There’s been a sweet theme this year: he indulged my passion for liquorice, and as well as torpedoes I have been given several bags of Spogs. These are a standing joke between us: when we were first together I had a bag of liquorice allsorts, and I’d saved all the spogs for last as they were my favourites. I came home to find he’d eaten them all as he thought I didn’t like them.
So that’s week 47! Happy Valentines Day to you all, you gorgeous bunch. See you next week!
The wish ‘happy new year’ has quite possibly never been said by so many people with so much fervency (is that a word?) as it has been this year. Don’t get me wrong, there have been some bad years before: 1994 was pretty horrendous, as was 2003, but those weren’t universally bad. I was glad to see the back of them but felt pretty hopeful about the future. And, to be honest, announcements of vaccines this week are giving me hope for 2021.
And 2020, despite all the challenges, hasn’t been all bad. Yes, there were the cancelled holidays, the various levels of lockdown, Covid-19 as a thread across the year, worry about my nurse friends and my vulnerable family members, Christmas without family and so on, but to end the year I’m going to share the things that gave me joy. In no particular order, I give you…my top ten of 2020:
I’ve had six unexpected months with the Things, which is the longest time I’ve been able to spend with them since maternity leave. Maternity leave is wonderful, but you have a tiny baby, no sleep, you’re juggling any other children you have, and trying to remain an actual person at the same time. In my case, too, I had post-natal depression with both Things 1 and 2 which made the whole experience somewhat frightening, especially with Thing 1, when I didn’t know what was happening to me. So, six months with my children, spending time with them now they’re independent, finding out what they love to do, going on walks, learning new skills with them: thank you 2020, for giving me that.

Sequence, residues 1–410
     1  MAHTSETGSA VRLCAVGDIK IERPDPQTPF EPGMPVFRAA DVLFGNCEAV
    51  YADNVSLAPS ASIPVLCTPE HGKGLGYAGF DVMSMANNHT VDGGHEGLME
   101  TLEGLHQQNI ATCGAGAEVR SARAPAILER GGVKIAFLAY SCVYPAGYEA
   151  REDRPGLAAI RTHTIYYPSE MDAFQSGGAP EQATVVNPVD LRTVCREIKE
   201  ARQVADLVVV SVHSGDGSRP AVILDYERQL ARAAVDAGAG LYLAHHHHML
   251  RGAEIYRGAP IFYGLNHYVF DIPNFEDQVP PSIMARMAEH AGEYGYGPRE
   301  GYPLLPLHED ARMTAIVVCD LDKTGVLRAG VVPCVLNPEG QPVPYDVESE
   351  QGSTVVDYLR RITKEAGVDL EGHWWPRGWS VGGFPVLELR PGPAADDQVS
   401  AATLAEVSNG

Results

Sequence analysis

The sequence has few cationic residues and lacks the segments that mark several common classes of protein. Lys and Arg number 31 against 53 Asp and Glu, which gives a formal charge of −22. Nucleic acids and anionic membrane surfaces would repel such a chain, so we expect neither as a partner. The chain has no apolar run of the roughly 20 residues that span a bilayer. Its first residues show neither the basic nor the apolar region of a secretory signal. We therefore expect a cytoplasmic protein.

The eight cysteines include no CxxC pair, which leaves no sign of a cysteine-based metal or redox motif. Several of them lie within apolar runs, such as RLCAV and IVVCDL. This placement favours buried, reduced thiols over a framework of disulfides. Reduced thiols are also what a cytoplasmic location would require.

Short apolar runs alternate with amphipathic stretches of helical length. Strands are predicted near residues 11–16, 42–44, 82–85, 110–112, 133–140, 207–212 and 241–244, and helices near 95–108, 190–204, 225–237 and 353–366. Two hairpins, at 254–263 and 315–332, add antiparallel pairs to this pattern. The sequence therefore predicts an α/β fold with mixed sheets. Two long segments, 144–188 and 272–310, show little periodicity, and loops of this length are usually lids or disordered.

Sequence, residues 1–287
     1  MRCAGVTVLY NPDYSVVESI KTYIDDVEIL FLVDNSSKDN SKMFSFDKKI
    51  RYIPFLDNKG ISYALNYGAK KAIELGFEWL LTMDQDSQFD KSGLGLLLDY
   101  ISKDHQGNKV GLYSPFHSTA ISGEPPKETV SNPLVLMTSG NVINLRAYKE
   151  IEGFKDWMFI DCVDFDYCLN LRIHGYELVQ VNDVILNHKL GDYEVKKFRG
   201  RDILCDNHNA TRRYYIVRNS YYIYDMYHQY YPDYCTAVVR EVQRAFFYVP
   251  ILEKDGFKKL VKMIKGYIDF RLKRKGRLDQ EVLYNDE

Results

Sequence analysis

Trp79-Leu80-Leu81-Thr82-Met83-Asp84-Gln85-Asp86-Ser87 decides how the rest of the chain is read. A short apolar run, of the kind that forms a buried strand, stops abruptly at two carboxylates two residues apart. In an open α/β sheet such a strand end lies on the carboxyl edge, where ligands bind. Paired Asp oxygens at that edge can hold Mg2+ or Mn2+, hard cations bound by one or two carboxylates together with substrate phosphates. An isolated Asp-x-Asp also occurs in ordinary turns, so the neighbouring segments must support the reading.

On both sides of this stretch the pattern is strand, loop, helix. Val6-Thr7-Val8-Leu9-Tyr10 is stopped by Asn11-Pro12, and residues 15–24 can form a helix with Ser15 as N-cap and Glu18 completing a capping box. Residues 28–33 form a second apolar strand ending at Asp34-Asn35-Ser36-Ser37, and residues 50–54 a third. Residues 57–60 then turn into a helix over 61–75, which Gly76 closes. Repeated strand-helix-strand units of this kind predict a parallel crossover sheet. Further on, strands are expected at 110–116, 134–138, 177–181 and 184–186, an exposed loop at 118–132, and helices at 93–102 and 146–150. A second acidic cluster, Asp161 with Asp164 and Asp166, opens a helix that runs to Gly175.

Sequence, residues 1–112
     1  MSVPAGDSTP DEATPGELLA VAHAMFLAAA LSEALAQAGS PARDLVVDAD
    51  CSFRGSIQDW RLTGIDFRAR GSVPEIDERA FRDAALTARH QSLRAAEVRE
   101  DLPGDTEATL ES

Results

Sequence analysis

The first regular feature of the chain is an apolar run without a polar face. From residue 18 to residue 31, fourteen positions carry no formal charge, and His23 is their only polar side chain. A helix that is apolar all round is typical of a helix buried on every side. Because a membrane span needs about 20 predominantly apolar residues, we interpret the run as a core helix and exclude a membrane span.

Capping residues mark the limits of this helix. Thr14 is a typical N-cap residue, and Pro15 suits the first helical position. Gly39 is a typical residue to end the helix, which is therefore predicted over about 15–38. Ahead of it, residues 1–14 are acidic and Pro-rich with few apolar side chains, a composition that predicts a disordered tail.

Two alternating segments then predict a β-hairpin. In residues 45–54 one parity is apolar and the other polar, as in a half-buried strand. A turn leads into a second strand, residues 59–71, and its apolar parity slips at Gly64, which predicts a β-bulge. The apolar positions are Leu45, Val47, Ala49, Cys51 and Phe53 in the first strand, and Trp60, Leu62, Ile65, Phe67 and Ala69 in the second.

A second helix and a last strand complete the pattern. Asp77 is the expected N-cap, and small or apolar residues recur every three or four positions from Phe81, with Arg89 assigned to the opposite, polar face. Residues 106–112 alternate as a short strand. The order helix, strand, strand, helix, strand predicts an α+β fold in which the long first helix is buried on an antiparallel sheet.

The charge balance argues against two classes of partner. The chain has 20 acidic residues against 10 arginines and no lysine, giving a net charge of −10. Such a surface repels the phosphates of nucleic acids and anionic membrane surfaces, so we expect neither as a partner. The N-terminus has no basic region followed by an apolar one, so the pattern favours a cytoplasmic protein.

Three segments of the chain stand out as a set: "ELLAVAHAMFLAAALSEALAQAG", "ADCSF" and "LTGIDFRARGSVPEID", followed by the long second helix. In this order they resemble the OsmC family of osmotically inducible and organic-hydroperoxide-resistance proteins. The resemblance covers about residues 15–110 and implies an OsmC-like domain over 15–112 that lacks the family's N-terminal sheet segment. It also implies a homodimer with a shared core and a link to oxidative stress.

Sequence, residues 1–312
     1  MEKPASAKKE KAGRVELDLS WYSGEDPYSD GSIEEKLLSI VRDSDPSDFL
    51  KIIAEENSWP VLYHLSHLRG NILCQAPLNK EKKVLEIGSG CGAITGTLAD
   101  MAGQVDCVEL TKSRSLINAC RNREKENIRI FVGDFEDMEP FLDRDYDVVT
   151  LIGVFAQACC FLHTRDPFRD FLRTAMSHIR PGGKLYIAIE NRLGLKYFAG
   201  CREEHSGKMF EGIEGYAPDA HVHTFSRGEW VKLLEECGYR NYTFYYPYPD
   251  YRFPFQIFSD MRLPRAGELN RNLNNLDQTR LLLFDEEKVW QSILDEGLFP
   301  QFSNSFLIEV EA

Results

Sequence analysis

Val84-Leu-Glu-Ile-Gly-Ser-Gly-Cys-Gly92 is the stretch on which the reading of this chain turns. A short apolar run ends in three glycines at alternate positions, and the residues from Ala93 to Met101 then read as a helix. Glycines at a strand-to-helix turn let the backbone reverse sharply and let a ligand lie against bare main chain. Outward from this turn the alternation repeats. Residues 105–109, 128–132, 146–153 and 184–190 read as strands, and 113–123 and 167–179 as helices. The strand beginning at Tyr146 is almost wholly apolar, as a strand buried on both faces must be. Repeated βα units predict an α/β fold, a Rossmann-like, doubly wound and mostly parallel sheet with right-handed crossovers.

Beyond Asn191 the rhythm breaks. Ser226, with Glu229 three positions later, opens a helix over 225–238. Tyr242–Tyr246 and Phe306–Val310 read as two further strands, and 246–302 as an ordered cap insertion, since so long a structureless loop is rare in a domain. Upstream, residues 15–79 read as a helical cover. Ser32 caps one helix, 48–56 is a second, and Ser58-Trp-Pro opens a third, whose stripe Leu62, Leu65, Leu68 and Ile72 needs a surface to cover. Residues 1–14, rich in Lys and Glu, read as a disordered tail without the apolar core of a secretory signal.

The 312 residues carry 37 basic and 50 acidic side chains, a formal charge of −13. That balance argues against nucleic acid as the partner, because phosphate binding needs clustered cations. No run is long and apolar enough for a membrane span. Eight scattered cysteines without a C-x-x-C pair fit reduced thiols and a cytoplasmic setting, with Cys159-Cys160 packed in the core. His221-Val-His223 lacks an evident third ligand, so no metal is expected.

The glorious summer! Can you imagine being in lockdown without that wonderful weather, in a typical rainy British summer season?
The garden. My beloved and I were both furloughed, and had we not had the garden we’d have been under each other’s feet constantly. We are lucky to live where we do, and the garden at the end of this year – thanks entirely to my beloved – looks amazing. It’s filled with birds at the moment: as I look out of the window I can see an enormous rook, wood pigeons, collared doves, a robin, blue tits and great tits. We have goldcrests, dunnocks, sparrows, nesting blackbirds, occasional woodpeckers and jays. This year I have learned to love the noisy, scrappy, playful brood of magpies that hatched in a tree behind the garden – and to have great sympathy for their put-upon mother.